Avril received her bachelor’s degree in physics from the University of Chicago, and a law degree from Georgetown University Law Center. Her professional background includes an array of national security and intelligence experiences, not least of which is time spent as the Deputy Director of the Central Intelligence Agency and the Deputy National Security Advisor. Avril also served on the staff of the Senate Foreign Relations Committee, at the Office of White House Counsel, and the U.S. State Department Office of the Legal Advisor; clerked with the Sixth Circuit Court of Appeals; studied judo in Japan; and won the Baltimore City Paper award for “Best Independent Bookstore.” Since leaving government, Ms. Haines has held roles at multiple academic institutions and think tanks, most recently and principally as a senior research scholar at Columbia University.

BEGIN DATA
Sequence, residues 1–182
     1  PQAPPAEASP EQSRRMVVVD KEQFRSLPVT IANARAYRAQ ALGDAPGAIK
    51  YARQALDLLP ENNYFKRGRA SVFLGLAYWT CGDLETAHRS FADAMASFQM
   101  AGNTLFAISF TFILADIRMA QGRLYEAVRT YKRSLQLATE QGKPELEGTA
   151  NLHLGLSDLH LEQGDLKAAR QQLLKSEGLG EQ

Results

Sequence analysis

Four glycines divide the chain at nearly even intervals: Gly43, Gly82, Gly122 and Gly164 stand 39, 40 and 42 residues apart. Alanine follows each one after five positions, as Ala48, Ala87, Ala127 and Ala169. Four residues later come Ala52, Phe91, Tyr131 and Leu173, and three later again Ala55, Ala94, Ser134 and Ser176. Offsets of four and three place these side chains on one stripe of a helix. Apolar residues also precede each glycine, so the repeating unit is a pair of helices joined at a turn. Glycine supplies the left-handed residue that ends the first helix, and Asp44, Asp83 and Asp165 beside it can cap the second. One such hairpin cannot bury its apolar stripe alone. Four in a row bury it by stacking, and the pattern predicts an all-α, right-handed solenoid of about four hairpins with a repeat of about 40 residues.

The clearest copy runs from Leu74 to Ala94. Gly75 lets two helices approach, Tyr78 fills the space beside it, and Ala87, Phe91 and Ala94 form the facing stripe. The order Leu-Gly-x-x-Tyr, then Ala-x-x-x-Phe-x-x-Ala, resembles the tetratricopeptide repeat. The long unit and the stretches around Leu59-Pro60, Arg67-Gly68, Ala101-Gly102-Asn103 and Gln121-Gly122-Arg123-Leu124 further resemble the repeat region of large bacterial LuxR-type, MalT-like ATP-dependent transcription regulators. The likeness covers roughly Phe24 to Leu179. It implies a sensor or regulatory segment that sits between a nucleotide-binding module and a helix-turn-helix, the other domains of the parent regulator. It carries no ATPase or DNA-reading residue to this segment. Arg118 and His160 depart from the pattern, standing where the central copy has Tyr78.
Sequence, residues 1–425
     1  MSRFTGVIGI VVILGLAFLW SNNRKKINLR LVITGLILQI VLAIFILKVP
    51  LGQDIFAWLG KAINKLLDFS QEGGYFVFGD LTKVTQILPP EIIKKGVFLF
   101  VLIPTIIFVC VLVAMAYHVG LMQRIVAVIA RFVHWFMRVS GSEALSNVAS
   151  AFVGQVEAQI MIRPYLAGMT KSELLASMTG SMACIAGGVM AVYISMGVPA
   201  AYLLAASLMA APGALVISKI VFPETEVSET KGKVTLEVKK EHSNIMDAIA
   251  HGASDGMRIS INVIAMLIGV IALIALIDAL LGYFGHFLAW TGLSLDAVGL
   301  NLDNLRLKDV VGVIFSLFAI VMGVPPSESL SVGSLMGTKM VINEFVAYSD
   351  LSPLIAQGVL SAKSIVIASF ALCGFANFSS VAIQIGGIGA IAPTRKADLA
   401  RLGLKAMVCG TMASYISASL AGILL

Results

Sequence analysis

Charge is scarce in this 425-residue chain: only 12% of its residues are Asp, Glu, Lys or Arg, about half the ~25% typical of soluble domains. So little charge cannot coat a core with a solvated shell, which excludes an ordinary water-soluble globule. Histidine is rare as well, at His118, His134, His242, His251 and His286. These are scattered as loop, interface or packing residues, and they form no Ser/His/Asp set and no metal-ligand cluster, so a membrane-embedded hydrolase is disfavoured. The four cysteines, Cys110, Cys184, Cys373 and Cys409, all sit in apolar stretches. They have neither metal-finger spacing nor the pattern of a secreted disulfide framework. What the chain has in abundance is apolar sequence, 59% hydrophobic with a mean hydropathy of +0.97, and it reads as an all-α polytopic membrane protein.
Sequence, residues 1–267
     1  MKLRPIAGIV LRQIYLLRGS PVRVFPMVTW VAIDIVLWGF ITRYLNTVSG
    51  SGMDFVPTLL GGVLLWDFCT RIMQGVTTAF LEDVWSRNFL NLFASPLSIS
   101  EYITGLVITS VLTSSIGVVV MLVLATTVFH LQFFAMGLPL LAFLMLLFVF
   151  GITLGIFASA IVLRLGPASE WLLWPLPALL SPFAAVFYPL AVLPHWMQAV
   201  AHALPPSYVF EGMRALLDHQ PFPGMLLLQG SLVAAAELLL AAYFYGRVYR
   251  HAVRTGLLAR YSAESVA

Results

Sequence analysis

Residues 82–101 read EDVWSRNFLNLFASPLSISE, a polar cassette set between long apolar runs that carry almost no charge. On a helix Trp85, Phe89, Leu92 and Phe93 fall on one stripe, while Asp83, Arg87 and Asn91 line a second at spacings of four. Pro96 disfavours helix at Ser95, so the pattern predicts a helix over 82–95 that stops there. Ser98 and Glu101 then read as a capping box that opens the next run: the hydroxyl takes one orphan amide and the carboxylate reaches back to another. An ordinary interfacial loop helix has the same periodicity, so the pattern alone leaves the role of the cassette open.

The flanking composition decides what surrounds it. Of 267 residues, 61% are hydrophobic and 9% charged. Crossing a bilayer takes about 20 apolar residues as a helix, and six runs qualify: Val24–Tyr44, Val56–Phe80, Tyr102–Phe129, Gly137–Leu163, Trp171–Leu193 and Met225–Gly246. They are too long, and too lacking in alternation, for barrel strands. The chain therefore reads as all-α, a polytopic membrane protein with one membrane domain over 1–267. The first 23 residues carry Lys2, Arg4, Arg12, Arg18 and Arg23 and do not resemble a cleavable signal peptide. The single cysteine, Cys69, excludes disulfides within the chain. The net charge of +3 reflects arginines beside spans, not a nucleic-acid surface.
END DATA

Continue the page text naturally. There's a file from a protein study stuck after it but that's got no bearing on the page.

Ms. Haines, you’ve been asked to lead the Intelligence Community’s focal point for intelligence integration. ODNI was founded on the painfully learned lessons of September 11th, 2001. If confirmed, you will play a crucially important role in ensuring that ODNI’s mandate to integrate and coordinate the activities of the IC in the specific focus areas of, cybersecurity, counterintelligence, counterterrorism, and counterproliferation. As we have seen all too many times since ODNI’s inception, not one among that list is anything less than a “no-fail” mission.